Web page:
Directed by: Don Chaffey
Written by: Michael Carreras
Music by: Mario Nascimbene
Cast: Julie Ege, Brian O’Shaughnessy, Tony Bonner, Robert John, Rosalie Crutchley, Don Leonard

Hammer Films, Columbia Pictures, 92 Minutes

Review:

I’m not a big fan of caveman movies and this one, even though it was made by Hammer, didn’t do much to win me over.

Frankly, I wouldn’t have watched this if it wasn’t part of a Hammer box set that I bought. It’s the last film in that box set of twenty and I guess that Hammer saved the worst for last. Although, there are some people that like caveman shit for some reason.

Like all other caveman flicks, this is slow, boring, cookie cutter and seemingly pointless, by the end.

There are different cavemen tribes, they initially party together, some shit pops off, they fight, there’s a hot cave chick and one of the cavemen fighting for her falls off a cliff and the other one wins her, I guess.

Sorry, I mentally check out with these movies. I do initially try to pay attention and hope that there will be something in it that grabs me and shows me that there are worthwhile works in this genre but I’m always left braindead and wondering why the movie was even made, other than you can make shit like this for free if you have a camera, a few animal pelts and sticks.

Rating: 4/10

Film Review: Dracula (1979)

Also known as: Dracula ’79 (Germany), Dracula 80 (Canada – French language version)
Release Date: July 13th, 1979 (New York City premiere)
Directed by: John Badham
Written by: W. D. Richter
Based on: Dracula (novel) by Bram Stoker; Dracula (play) by Hamilton Deane, John L. Balderston
Music by: John Williams
Cast: Frank Langella, Laurence Olivier, Donald Pleasence, Kate Nelligan, Sylvester McCoy

The Mirisch Corporation, Universal Pictures, 109 Minutes

Review:

“In the past 500 years, Professor, those who have crossed my path have all died, and some not pleasantly.” – Count Dracula

Until this viewing of the film, the first in ages, I didn’t realize that the 1979 Dracula was a Universal release. I guess that ties it to the Universal Monsters banner and with that, kind of makes me see how it sort of matches up to the original Dracula films, tonally and stylistically.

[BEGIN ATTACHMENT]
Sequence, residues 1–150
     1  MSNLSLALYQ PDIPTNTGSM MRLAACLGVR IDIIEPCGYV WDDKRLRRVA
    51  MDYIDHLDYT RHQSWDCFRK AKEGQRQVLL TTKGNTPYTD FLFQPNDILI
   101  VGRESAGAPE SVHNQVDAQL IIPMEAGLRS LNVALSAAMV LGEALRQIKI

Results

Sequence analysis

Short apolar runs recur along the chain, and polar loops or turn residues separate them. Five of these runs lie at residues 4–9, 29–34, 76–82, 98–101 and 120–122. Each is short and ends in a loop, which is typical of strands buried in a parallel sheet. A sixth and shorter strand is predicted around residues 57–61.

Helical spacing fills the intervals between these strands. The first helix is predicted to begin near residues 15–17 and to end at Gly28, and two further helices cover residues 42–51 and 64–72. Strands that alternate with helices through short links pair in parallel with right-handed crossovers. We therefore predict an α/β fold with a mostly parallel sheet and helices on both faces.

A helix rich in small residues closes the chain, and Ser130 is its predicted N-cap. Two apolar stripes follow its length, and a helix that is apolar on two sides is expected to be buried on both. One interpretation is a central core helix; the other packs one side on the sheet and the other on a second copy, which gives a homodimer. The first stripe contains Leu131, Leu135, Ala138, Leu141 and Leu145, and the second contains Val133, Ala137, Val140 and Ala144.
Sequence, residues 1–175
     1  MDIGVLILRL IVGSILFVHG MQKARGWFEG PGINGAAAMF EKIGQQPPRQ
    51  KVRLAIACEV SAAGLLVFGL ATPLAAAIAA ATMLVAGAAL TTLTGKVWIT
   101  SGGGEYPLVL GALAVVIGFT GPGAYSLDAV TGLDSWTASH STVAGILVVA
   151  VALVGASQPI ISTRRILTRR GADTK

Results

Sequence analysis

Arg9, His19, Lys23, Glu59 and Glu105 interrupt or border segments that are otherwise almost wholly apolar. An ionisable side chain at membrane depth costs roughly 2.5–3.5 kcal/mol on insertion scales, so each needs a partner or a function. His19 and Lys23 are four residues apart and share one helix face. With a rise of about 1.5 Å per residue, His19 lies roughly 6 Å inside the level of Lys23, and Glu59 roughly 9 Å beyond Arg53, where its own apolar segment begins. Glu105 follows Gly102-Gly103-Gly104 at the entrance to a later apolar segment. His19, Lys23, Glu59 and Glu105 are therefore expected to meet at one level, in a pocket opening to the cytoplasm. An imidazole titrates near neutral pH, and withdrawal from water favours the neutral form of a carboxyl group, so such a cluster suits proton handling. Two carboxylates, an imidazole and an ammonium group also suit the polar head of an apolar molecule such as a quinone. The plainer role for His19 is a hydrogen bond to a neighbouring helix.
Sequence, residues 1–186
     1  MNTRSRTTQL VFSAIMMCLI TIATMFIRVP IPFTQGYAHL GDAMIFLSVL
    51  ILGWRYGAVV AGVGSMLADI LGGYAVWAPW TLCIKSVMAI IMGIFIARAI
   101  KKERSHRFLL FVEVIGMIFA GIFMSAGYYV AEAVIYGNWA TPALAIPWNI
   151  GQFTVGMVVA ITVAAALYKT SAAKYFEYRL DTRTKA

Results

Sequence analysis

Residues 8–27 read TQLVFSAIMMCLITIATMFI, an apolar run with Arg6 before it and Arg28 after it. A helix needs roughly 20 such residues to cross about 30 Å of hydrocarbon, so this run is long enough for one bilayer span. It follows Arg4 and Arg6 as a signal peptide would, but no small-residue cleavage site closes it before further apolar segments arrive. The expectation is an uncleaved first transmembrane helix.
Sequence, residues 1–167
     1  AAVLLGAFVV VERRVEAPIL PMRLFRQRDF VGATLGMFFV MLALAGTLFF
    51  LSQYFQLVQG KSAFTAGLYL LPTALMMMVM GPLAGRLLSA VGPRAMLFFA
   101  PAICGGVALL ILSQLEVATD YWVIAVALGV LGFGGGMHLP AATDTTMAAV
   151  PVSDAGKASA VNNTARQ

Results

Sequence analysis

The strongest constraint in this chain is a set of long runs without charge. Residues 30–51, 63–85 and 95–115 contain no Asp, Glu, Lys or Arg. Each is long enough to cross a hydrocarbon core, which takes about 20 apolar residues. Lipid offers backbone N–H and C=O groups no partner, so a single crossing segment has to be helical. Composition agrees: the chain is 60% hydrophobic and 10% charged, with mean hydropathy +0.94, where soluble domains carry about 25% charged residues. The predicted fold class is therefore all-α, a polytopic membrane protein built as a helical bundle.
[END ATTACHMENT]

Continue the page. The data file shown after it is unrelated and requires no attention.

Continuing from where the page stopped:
I like that this has its own alternate take on the classic story, though, and I thought that they did a tremendous job in telling a different version of the Dracula legend while keeping it fairly true to the source material.

One thing that I really love about this movie is that we get to see one of the greatest actors that ever lived, Laurence Olivier, work alongside a bonafide and legendary horror icon, Donald Pleasence. Both men are great on their own and for different reasons but it’s like seeing what’s considered the top tier talent of motion picture history working with one of the best actors in what’s considered a trash genre by most critics and Hollywood elites. That being said, Pleasence shows that he can hang with one of cinema’s most celebrated actors.

However, even with good performances from those two legends, it’s Frank Langella who really steals the show, as the lead and title character.

Langella is a damn near perfect Dracula, especially for this story. As much as I like this take on the tale, Langella enhances the overall production with his charm, charisma and classically good looks. He looks the part and in some respects, makes it his own. Honestly, I can’t imagine anyone else being as perfect for this version of the story as Langella.

The world that this is set in is a great mixture of opulence, darkness and mystery. It feels like an extension of this Dracula’s aura and that everyone else is trapped within it with the monster, himself.

The atmosphere and tone of the picture are also heightened by the score of another legend contributing to this picture, John Williams. This was something he worked on between Star Wars – Episode IV: A New Hope and Raiders of the Lost Ark. These themes, however, are less adventurous and fun and more brooding and dark. Although, the score isn’t too similar to Jaws and with that, shows John Williams’ great range.

Out of all the Dracula movies ever made, this is what I would consider one of the best. At worst, it’s still top tier and features one of the greatest onscreen Dracula’s of all-time. Surprisingly, this is a movie that’s seldomly mentioned today.